During the interview, another Marine entered the simple plywood office to tell Baker that a "tic" (or "troops in contact," a battle with the enemy) had erupted about 6 miles away. Baker asked for updates then narrowed his eyes in a brief silence. The 6-foot-1, 200-pound Marine stepped from his desk and tapped a wall map.
"I can go over there and whack insurgents all day long," he said of Marjah, which was soon going to be the focus of the Marines' offensive. But would that bring the stability necessary for the Afghan government to take control of the area? he asked.
"If you don't have enough guys, the answer is no," he said. "The surge is going to mean that we're able to expand this bubble which is Nawa, which is an incredible success story."
One night while I was there, the district governor invited Baker and several other officers to a dinner at the compound of municipal offices then under construction next to Patrol Base Jaker, a smaller base several miles from Geronimo.
During the meal, the district governor grew animated as he talked about getting the heavy machinery to begin a construction company to build roads and other projects. Baker was careful to remind his host that the machinery would belong to the people of Nawa, and not just one person or family.
"It's an alien concept and they don't get that," Baker later said of the regional Afghan leaders. "They have no concept of patience, of the greater good. . . . For 30 years it's been nothing but the mob rules."
• • •
The day after Christmas I put on my body armor for a ride in an MRAP (mine resistant ambush protected) vehicle for a trip to a combat outpost in the area. Lance Cpl. Timothy Kuklis likes to sing while he drives the 14-ton vehicle — everything from opera to Build Me Up, Buttercup.
He said he uses interpreters or body language to communicate with the local adults, who he said are generally "reserved." But the children are fearless as they rush his vehicle to beg for candy. The 20-year-old said he was puzzled by one boy who never asked for treats.
"One time I got out and asked why," Kuklis recalled. "He knew a little English and he said he wanted a notebook and pen so he could practice writing English."
The next trip out, the young Marine took a pad and pen to the boy. "He was excited and he started writing and drawing pictures in it for me right away," Kuklis said. "It definitely meant a lot to him, and it definitely changed me."
On another day, I joined a foot patrol from Combat Outpost Spider Monkey, an even smaller base near Jaker. About a mile into the walk along the only paved road, we turned onto a path through a fallow cornfield. The radio crackled to life. We were told a battle was under way nearby, and we should stay put. A couple of hours later, after the sun had fallen, word came that a gunnery sergeant in another unit had lost both legs to a roadside bomb.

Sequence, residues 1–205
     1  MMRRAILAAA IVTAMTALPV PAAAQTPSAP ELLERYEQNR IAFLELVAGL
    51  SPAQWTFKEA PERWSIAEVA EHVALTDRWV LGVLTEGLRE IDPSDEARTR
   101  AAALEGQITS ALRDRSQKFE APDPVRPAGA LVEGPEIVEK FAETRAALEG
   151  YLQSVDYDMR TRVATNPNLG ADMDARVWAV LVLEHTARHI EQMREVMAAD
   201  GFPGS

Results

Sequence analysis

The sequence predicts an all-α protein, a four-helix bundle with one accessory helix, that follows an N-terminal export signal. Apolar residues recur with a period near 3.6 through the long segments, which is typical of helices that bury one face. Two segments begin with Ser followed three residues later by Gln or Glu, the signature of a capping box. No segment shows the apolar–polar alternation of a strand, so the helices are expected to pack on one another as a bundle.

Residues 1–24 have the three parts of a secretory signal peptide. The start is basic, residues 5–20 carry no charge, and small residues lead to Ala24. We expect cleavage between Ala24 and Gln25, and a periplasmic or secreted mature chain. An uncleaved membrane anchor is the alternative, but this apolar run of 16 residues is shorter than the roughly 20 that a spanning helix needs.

"Somewhere a Marine's living my worst nightmare," someone in the patrol murmured.
The next day Kuklis delivered me back to Jaker. I entered the adjacent municipal compound, where about 50 Afghan construction workers had stopped for a break. A curious group surrounded us as a 15-year-old worker, Bashir Ahmad, explained that he's in second grade and wants to be an engineer.
"Do you want the Americans to be here?" I asked.
A man who appeared to be in his early 20s muttered something to Bashir, and the boy said, "No, I do not want the Americans here."
I noticed seven older men seated on a straw mat nearby, sharing tea. The interpreter introduced me as an American reporter, and they invited me to join them.
"I'm happy with the Americans here," said 50-year-old Bahadir, district supervisor for the U.S. government's Cash for Work Program, which had organized the workers. "If you go back, once again it will be bloody."
All in the group agreed strongly when 31-year-old Mohamad Nadir said Pakistan was the root of the problem. When the United States funded the Afghan mujahideen in their fight against the occupying Soviets, the money went through Pakistan, he said. Now, he explained, money and weapons from that conflict are being used to back the Taliban.
"The U.S. can bring security here without fighting, if it deals with Pakistan," Nadir said. "Even if you send 100,000 troops, you won't succeed here until you stop Pakistan."
• • •
When I left Afghanistan, everyone was waiting nervously for early spring to see if the seeds the farmers had planted several weeks earlier would sprout as wheat, which had been given to them by the government, or as opium poppies that provide about 90 percent of the world's heroin and the bulk of the Taliban's operating funds. So much about the fate of the U.S. involvement in Afghanistan would be revealed over the coming weeks. But one sobering piece of news came quickly.
Two days after I flew home, a Marine from the unit I was with and the British reporter who replaced me were killed by a bomb.
I recalled the hateful smile of the old Pakistani on the plane.
Steven Sims teaches theology at Tampa Catholic High School.